This morning, we picked her up out of the crib and brought her back to bed with us, singing ‘happy birthday’ and watching her grin and giggle and suck her thumb as she snuggled peacefully.  “Could we ever have imagined she would be this beautiful and perfect?” I said to my husband.  And then we high- fived each other…for making it through the last year and coming out together and in one piece as a family.

Side note…This topic NEEDS to be discussed more.  Too many women (the statistics are staggering) suffer silently with post-partum mood disorders that can severely effect their lives in many different ways.  This is a condition that unfortunately has too many stigma’s attached to it and many people who are uneducated about it, therefore leading to complete denial of it’s exsistence.  If you or someone you know is not willing to open up about ‘something not feeling quite right’, especially months after giving birth, please speak up.  I can only hope that there is enough strength in people who love the women who are in a post-partum state to recognize when something is happening that is bigger then anyone can control with a smile, kind words or a little sunshine.  Sometimes life is bigger than all of us.  Ask for help and keep asking until someone finally listens!

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Comments (6)

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  1. Susan says:

    OMG- I had some PPD, but not nearly as bad. My heart aches for you. I am so happy you got help and you are enjoying your family.

    • Tonya says:

      Wow, thank you so much for sharing this. You are brave and wonderful! Every ones experiences after having a baby is completely different…in some ways we can understand each other and in other ways we will never fully understand. I understand some of these emotions fully. I am so sorry you went through this and felt so alone. I had quite a tough time after having my first son, losing my mom that same year, and also being a Type 1 diabetic for twenty years now. It was such an adjustment to say the least…but eventually the happiness and joy was enough to melt away the memories of the heart ache. I truly believe the stress of the pregnancy itself, with the diabetes management and the feeling you had to control every blood sugar so tightly or else it would be YOUR fault if something bad happened to the baby…I could not live with that! It was scary and stressful and now after having my second healthy, beautiful baby boy I realize the stress was unavoidable that first pregnancy yet completely unnecessary. The only way we learn these things is by going through it and boy does it make us stronger!! You now can help others in this position get through! Again, thanks for sharing and happy, happy birthday Tatum and and YOU!!!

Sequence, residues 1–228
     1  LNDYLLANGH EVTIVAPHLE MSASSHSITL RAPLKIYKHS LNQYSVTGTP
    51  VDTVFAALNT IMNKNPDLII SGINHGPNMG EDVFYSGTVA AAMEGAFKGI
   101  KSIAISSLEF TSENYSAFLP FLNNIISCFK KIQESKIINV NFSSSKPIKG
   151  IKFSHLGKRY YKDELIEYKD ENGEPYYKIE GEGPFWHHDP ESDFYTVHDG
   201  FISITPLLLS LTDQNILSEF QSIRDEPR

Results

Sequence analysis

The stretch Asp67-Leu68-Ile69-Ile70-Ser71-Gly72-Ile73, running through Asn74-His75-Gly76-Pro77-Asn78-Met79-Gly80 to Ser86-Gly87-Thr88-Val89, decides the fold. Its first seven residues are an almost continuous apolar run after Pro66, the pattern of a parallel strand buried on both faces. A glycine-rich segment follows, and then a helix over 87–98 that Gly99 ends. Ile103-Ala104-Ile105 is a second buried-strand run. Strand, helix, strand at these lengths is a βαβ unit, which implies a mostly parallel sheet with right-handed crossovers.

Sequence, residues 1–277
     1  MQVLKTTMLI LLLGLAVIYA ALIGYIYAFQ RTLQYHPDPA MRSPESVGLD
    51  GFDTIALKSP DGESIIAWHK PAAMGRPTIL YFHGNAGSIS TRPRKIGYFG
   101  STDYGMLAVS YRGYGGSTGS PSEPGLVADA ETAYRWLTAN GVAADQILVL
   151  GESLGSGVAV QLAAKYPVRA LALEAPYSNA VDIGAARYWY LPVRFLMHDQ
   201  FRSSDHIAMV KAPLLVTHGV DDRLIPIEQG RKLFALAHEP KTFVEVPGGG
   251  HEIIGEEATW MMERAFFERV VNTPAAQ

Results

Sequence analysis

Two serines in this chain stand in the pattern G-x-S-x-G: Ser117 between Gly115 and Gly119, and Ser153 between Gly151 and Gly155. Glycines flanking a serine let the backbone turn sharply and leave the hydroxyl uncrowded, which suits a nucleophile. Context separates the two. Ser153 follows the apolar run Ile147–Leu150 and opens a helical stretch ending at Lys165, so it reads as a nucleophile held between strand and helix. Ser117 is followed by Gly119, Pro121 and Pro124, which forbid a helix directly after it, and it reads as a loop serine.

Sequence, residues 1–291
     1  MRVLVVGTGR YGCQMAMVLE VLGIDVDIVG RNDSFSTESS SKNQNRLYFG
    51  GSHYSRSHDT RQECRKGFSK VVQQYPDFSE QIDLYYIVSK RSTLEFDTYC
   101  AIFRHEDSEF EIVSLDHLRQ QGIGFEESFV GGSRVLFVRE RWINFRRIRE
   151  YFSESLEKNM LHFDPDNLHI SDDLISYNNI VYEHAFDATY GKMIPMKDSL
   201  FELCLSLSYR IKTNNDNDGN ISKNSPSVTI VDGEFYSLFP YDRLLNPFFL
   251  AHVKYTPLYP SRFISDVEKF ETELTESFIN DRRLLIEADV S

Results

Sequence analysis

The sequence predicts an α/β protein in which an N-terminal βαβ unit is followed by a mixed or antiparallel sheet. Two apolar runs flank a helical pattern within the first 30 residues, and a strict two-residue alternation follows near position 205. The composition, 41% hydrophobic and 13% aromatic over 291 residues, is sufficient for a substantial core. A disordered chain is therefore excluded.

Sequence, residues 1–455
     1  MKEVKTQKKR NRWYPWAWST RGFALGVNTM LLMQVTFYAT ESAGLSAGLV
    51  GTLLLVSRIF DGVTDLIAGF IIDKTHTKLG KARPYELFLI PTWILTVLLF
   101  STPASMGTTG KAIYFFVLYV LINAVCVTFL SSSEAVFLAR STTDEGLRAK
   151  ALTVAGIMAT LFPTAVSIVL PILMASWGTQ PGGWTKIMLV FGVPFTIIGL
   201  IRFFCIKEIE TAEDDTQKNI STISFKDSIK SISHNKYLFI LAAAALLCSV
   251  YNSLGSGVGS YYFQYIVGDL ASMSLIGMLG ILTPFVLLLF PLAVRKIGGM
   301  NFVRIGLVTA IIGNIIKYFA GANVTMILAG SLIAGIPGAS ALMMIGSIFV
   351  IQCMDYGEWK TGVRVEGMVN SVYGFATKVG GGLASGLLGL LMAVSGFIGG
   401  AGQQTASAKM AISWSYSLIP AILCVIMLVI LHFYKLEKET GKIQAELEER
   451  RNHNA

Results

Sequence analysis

• Diabetes says:

        Thank you for your comments. I am so glad to bring this issue out into the light, as it is something that is unfortunately not talked enough about.

  2. Veronica says:

    You are truly amazing. This story is going to help so many women. You should be so proud of yourself.

    Tatum has a wonderful Mom and she is absolutely incredible, just like you.

  3. Christine says:

    I have chills thinking back to the year after my Daughter’s birth and how conflicted I was in knowing that we were so blessed yet I was paralyzed with anxiety. To get my brain back to focus, I had to temporarily let go of trying to have control over anything (including the intensity of my T1D regime :(. I, like you, am so much better, my Daughter is thriving and I feel like I truly have gotten to enjoy the miracle of the small moments of our family’s happiness. Now trying to figure out what is meant for us next. We want another child; but the reigns I lifted on my T1D are still unruly. I don’t want to go back to the obsessive sugar management because I feel like my #’s will be good, but I won’t be ‘living’. That being said I also know that finding a balances medium is required because future pregnancy or not, I won’t be able to join in life’s pleasures with my Daughter or Husband in the long-term with an a1c over 8 🙁 One day at a time:) Thank you for sharing your story!

    • Diabetes says:

      You’ll know when it’s right for you to have another child. Don’t be afraid to put yourself first though!